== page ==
Dans le texte, j’aurais remplacé le « we’re not running out of time » par quelque chose comme « we’re only starting to get to know each other ». Le « You don’t have to cherish every second » par « You won’t be able to cherish every second. Life doesn’t work that way. Some things you will adore, some things you will abhor. » En ce qui concerne le fameux « Savor every minute of it. », ce n’est pas du tout « terrible », c’est juste complètement décalé par rapport à la réalité quotidienne de s’occuper d’un nouveau-né. C’est vrai dans un certain sens, et d’un autre côté il y a des minutes qui sont moins glorieuses que d’autres… Et le « you would have felt bad anyway, so at least you got to read that magazine » est tellement mal formulé! En plus, l’exemple est tellement mal choisi!
Ceci dit, ça se peut que j’aie dit des choses similaires dans mon blogue. J’espère sincèrement que non, mais bon, ça se peut. Je comprends un peu ce que le texte cité veut dire (je crois qu’il essaie de dédramatiser), mais je trouve qu’il le dit très mal.
ah, I feel compelled to read those kind of articles every now and then too! i dont know if i’m looking to make myself feel angry or simply hoping I have what I’m reading about in store for me. I don;t think I have any other tips for dealing- I do what you do, just try to tell myself they have a right to think this way because they been lucky enough not to realize not every baby grows up. I tell myself this, but still scream in my head the same way you do. perhaps someone else can give some good advice!
I suppose there is no magic solution — asides from not reading. I am curious to find out (if all goes well and i eventually experience mothering a growing baby and toddler) how i will reconcile my thoughts as a bereaved mother and my reactions as a mom dealing with the small everyday struggles…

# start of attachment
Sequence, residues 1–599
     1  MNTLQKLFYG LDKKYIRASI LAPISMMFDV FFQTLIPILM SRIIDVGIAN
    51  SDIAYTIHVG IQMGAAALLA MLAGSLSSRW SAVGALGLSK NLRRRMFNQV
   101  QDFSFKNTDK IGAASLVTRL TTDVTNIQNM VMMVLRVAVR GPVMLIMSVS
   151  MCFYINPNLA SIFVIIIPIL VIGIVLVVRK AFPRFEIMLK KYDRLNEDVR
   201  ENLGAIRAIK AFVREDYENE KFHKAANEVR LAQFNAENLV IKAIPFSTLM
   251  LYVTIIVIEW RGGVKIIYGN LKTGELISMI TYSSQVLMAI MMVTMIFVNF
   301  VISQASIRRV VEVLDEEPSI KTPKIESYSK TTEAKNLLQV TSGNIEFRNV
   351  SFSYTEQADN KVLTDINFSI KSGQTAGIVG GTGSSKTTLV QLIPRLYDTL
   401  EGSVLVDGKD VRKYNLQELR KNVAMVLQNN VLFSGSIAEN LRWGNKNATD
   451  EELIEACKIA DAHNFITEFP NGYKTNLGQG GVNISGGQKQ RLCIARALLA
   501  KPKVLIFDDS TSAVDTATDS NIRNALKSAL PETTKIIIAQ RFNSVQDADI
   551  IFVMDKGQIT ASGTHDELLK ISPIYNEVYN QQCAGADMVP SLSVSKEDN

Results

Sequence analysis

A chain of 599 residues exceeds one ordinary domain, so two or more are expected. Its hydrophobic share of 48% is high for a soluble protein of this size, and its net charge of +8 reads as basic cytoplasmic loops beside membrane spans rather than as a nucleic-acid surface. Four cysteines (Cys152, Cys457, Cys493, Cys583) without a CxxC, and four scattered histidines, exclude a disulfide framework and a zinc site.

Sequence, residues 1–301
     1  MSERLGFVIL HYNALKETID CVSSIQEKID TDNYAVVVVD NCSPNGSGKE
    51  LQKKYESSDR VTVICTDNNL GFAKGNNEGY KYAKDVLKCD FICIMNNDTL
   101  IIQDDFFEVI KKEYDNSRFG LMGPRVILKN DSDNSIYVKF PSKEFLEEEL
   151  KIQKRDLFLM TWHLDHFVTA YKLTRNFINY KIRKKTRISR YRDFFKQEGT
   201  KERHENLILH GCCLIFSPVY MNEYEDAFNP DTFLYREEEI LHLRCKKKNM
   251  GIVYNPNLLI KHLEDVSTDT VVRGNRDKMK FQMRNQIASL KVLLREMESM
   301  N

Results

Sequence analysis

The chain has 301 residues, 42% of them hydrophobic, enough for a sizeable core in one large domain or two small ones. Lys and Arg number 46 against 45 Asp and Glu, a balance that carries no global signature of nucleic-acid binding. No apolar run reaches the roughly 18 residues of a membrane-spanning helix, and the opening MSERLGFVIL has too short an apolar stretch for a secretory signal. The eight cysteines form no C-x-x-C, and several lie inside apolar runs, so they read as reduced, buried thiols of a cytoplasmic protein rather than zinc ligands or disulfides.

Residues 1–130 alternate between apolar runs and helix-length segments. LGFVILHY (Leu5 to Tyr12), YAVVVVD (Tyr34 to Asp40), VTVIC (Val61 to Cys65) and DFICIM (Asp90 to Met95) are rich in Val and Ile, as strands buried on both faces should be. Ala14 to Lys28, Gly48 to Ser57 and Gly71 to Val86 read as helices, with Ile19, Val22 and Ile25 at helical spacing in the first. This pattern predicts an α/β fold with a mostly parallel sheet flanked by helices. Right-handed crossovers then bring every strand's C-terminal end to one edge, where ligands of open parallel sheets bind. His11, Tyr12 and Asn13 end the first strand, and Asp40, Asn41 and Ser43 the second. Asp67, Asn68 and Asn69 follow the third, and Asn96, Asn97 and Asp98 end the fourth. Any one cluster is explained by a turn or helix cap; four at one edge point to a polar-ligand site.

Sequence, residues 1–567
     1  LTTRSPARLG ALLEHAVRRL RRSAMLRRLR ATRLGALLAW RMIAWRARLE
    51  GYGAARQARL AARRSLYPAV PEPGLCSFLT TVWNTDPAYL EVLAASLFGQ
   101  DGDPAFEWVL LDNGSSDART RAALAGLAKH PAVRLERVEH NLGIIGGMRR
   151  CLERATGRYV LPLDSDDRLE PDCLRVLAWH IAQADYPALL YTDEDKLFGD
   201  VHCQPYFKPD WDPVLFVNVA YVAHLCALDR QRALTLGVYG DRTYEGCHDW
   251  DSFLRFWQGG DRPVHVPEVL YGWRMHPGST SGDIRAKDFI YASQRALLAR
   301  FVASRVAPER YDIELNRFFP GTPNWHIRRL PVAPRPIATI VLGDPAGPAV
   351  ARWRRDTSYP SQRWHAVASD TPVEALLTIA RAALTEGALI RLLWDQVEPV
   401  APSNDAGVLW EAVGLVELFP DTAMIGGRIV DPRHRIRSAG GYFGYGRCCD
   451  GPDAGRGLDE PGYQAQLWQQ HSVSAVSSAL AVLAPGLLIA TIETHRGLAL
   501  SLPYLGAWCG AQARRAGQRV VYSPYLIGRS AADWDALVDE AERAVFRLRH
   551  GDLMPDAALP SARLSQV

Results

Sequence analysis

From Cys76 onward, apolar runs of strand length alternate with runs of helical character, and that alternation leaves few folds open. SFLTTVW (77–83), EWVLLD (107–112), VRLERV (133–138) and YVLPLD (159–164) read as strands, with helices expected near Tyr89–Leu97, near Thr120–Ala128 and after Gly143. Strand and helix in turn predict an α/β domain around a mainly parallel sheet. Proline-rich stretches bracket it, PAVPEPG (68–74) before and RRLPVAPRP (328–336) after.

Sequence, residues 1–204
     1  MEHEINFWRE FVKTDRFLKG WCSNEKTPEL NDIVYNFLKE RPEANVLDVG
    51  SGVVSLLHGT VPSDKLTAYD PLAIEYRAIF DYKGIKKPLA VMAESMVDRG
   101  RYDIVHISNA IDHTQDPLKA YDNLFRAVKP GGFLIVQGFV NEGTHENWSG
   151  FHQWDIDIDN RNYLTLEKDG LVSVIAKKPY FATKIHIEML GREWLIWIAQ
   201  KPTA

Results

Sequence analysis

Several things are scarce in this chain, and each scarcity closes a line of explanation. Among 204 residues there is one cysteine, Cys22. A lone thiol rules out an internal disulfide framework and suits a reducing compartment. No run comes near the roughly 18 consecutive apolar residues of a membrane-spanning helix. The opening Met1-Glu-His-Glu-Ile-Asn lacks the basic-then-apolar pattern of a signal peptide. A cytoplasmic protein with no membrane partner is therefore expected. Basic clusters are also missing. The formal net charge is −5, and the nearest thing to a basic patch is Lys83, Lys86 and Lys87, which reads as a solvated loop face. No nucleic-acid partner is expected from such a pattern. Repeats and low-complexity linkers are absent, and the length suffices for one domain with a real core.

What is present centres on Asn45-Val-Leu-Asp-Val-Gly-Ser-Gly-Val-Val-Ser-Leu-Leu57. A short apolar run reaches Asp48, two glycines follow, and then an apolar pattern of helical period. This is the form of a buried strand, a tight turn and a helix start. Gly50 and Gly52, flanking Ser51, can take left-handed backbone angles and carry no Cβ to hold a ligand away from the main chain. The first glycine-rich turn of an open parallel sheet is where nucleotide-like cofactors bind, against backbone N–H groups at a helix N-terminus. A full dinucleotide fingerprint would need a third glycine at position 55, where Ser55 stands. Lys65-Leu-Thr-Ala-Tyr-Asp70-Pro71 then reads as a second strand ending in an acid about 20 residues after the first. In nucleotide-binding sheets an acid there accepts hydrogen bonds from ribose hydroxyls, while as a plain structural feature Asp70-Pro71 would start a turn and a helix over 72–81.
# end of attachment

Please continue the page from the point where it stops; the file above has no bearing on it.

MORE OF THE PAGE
I think few people are as acutely aware of how little time we may have with our children as the babylost.
I don’t think I have a good strategy other than thinking how lucky these writers are to not know better.
I am curious… now that you share your daily life with a healthy (as far as i know) baby, do you find it easier to relate to this sort of article or are you finding yourself more aligned with frustration towards parents who write them?
(feel free to answer or not of course)
This kind I still avoid, it still rubs me the wrong way, although now it really is a rub whereas before it was deeply cutting claws. I do read articles on practical issues from diaper blowouts to pumping, but as soon as it gets to a point where I feel they don’t appreciate their living (occasionally screaming) wiggling babies I stop. I guess it helps that SB keeps me busy, no excuse needed to not read on.
I very much hope you’ll get to find out soon how you react to such articles when taking care of a living baby.
I really try not to read these articles. I find that I simply cannot relate in any kind of meaningful way, and probably more important, I am annoyed that *these* are the concerns of normal parents. Not that I don’t have some of my own parental concerns (about C.T.) that intersect with some of what is said in articles like these, it’s just that my perspective and issues are seen through such dramatically different eyes.
The piece you highlighted was pretty brutal. When I do run across something that I accidentally read or that seems thrust upon me, I end up shouting at the screen or muttering something nasty through gritted teeth. Always, I’m frustrated at my lost innocence. Jealous that I can’t chuckle along with the 99% of people who haven’t lost a child,… my house full of three lively boys.
I have promised myself that soon, I will create a real « reader » so that I can selectively pick news and writing that is noteworthy and helpful, rather than frustrating. I am not sure it’s a totally foolproof plan, but that’s all I’ve got other than to suggest hiding under a rock:).
A reader… sounds interesting and helpful. And probably more satisfying than hiding under a rock.
I so wish your home was filled with the sounds of 3 boys. I think of you and them often.